The best books about five of the most fascinating women of sixteenth and eighteenth century Europe

Kevin O'Connell Author Of Bittersweet Tapestry: A Novel of Eighteenth Century Europe
By Kevin O'Connell

The Books I Picked & Why

Mary Queen of Scots

By Antonia Fraser

Book cover of Mary Queen of Scots

Why this book?

I am truly excited to recommend this stunning biography of Mary Stuart – one of my very favourite historical figures – whose incredible story is vividly brought to life by Dame Antonia Fraser, one of my very favourite authors,  such that the reader will experience each dramatic step of Mary’s path to immortality.

I love the complexity of the tale – and of Mary herself. It’s difficult to remember that this is a true story: Mary was literally born Queen of Scotland, mere days after her father’s death. Having spent most of her early life in France, becoming Queen of France at fifteen, she was widowed shortly thereafter, at which point, Mary returned to Scotland as Queen; despite a promising beginning, the passionate, brave but impetuous Mary would have an extraordinary – but troubled – life and reign. 

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The Life of Elizabeth I

By Alison Weir

Book cover of The Life of Elizabeth I

Why this book?

It’s wonderful to have the opportunity to recommend this particular work of Alison Weir. A brilliant historian, she – by means of both traditional, meticulously-researched biographies, as well as in her historical fiction offerings –  chronicles many aspects, and a number of personages of Tudor England in all of its – and their – colourfully untidy turbulence. 

Her account of Elizabeth I’s life is amongst her best. I especially appreciate the skillful way in which Weir continuously “introduces” the reader to Elizabeth, as the compelling figure she is – fascinatingly intricate, brilliant, and annoyingly contradictory. Just when one seems to understand her – Weir drops yet another paradox – as the reader learns that this supposedly staunchly Protestant daughter of Henry VIII maintained most aspects of orthodox Roman Catholic practices – including a crucifix – in her private chapel royal.

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Catherine the Great: Portrait of a Woman

By Robert K. Massie

Book cover of Catherine the Great: Portrait of a Woman

Why this book?

I was once casually asked, “Who is Sophie Frederikke Auguste, Prinzessin von Anhalt-Zerbst?" Curious, shortly thereafter I discovered her identity in Robert Massie’s extraordinary biography of her whom history remembers as Catherine the Great, the last Empress Regnant of Russia. Daughter of an obscure German prince, through the tireless efforts of her mother Sophie, arrived in Russia in her early teens with a prospect of marriage to the then heir to the throne.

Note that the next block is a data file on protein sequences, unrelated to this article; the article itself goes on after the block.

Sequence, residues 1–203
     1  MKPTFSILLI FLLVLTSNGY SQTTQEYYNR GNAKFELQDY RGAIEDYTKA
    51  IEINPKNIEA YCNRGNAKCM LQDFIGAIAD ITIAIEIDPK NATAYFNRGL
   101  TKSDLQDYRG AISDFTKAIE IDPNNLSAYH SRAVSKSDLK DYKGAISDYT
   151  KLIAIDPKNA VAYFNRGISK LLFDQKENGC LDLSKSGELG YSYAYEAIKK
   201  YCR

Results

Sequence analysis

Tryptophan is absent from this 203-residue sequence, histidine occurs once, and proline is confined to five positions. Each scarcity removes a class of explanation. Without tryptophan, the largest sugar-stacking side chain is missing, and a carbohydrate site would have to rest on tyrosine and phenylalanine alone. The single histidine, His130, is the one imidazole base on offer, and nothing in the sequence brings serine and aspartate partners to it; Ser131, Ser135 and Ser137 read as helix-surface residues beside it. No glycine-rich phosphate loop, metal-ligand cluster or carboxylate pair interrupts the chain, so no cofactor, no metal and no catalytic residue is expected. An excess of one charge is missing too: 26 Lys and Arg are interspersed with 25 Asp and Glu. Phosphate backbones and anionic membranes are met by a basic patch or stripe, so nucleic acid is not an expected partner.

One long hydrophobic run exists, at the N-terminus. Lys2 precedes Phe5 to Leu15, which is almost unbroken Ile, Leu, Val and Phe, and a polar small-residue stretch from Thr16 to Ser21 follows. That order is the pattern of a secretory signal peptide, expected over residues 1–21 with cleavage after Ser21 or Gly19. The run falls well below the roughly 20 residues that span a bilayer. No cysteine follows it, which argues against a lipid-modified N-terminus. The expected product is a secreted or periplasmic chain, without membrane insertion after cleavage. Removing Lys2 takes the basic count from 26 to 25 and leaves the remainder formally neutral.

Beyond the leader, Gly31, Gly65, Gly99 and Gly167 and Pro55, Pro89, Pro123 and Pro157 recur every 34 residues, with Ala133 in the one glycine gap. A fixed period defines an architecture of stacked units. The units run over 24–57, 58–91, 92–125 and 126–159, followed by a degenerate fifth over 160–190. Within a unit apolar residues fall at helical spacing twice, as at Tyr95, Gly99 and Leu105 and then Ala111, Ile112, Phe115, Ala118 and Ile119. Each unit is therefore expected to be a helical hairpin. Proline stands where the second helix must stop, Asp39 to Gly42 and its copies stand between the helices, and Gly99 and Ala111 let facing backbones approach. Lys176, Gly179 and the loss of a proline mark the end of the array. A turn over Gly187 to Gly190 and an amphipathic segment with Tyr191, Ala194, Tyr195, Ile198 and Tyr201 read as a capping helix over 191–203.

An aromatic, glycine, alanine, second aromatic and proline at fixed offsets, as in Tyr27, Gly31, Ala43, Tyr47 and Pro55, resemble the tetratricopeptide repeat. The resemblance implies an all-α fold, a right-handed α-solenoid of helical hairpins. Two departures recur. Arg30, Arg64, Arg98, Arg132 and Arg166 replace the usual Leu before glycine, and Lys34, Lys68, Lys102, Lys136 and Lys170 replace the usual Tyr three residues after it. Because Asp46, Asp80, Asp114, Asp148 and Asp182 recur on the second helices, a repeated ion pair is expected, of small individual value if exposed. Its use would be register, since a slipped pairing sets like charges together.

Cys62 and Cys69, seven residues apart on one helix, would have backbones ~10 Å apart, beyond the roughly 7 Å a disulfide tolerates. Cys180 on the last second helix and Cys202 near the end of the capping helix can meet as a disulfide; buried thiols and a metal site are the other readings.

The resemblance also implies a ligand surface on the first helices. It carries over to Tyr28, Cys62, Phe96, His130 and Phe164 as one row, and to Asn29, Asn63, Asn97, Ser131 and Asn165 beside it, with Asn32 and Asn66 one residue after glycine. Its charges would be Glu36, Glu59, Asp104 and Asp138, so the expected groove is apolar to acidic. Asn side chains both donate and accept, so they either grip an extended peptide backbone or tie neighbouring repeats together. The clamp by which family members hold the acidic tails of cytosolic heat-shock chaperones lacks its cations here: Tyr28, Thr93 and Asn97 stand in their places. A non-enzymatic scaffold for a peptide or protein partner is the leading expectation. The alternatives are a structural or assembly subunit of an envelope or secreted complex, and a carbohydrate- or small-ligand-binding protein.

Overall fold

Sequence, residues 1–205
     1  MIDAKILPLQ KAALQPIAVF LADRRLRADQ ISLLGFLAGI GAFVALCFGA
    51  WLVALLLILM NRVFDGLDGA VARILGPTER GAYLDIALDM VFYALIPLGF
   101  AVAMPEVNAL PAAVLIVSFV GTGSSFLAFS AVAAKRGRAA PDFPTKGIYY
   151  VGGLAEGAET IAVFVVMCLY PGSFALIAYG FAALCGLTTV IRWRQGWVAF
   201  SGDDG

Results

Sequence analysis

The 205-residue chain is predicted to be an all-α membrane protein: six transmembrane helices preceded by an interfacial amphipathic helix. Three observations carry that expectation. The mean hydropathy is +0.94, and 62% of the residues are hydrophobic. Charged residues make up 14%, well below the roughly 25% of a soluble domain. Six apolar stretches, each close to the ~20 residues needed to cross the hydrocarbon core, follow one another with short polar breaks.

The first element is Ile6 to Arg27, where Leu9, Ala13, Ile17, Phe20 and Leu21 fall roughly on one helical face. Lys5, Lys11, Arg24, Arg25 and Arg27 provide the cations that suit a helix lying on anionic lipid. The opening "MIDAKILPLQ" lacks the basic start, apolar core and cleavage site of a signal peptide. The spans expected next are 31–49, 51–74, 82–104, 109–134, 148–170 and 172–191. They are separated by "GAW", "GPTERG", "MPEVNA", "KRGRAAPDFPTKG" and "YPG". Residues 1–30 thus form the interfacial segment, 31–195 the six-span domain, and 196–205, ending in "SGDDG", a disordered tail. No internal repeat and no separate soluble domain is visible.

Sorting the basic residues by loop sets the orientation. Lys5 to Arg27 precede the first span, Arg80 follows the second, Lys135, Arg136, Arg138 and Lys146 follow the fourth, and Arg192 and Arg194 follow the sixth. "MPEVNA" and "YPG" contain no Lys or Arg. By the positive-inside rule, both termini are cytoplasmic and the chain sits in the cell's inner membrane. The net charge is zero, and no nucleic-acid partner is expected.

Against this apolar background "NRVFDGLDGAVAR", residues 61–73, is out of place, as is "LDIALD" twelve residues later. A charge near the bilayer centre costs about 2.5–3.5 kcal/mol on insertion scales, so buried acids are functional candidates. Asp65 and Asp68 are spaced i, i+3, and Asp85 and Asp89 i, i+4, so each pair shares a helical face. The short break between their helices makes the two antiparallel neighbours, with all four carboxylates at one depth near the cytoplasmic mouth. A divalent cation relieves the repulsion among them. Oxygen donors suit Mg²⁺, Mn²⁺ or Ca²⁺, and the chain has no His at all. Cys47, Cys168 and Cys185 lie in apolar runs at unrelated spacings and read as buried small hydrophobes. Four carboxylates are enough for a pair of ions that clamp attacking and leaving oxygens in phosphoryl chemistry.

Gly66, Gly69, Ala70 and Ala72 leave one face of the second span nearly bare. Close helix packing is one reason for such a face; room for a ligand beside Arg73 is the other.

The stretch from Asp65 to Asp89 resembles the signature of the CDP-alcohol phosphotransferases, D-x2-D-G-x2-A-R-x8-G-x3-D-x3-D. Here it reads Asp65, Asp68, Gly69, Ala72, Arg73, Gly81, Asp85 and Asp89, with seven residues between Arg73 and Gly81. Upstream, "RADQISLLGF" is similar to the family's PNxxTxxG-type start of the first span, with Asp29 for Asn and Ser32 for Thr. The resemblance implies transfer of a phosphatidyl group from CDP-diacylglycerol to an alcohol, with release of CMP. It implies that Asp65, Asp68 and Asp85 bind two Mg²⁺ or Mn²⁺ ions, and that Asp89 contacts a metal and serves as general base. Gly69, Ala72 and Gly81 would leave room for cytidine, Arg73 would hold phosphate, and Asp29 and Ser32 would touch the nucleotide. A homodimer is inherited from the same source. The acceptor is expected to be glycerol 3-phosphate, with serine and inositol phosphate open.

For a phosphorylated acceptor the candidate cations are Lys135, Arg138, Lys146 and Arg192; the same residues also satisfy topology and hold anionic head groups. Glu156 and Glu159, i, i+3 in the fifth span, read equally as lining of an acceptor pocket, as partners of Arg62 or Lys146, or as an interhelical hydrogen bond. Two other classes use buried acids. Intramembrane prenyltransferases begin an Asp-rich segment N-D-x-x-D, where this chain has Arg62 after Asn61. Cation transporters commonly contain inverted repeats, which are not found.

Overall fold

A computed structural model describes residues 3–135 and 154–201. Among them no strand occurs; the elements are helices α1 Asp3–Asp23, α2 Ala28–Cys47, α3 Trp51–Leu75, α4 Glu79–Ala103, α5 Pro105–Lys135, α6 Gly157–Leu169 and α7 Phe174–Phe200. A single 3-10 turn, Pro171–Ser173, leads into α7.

I find Massie a brilliant chronicler; he fascinates me – almost as much as does Catherine herself. He effortlessly writes non-fiction as were he a novelist, telling a lush, colourful – and frequently violent – story of an extraordinary, near-singular woman. Catherine is a perfect subject for him – dazzling, intricate, contradictory, and ferocious in her own way.

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Marie Antoinette: The Last Queen of France

By Evelyne Lever

Book cover of Marie Antoinette: The Last Queen of France

Why this book?

I am perhaps more familiar with – and fonder of – Marie Antoinette than I am of any other historical personage. Emersed in French history since an early age, I have had a near-lifetime fascination for this complicated woman – who never said, “Let them eat cake!” 

Having researched Antoinette exhaustively (most recently, in connection with her periodic appearances in my own books), since first reading Evelyn Lever’s masterful, beautifully-written work some twenty years ago, I have found myself frequently returning to it. I am drawn to it for its depth and detail, as well as her balanced treatment of an, in many ways, controversial figure. I recommend it as it is a perfect introduction to the life of a captivating woman, as well as presenting a highly satisfying experience for any lover of fine biography. 

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Dancing to the Precipice: The Life of Lucie de la Tour Du Pin, Eyewitness to an Era

By Caroline Moorehead

Book cover of Dancing to the Precipice: The Life of Lucie de la Tour Du Pin, Eyewitness to an Era

Why this book?

Having read numerous books about the French Revolution, amongst my favourites is this fascinating biography of Lucie Dillon – who became Lucie du la Tour du Pin – by Caroline Morehead. I unhesitatingly recommend it, certain that, from Morehead’s striking presentation, most readers will experience a keen sense of what it was like to live during the twilight of the Ancien Régime, and thence on, into and through the nightmare that followed. As an Irish-French aristocrat, whose father commanded the regiment of the Irish Brigade of France that bore the family’s name, whilst her mother was a lady-in-waiting to Marie Antoinette, Lucie was in a singular position to observe and chronicle the tragic upheaval. 

Relying in part on Lucie’s own published memoir, as well as numerous primary sources, including family papers, which her meticulous research uncovered, Morehead tells a powerful story of loss and survival. 

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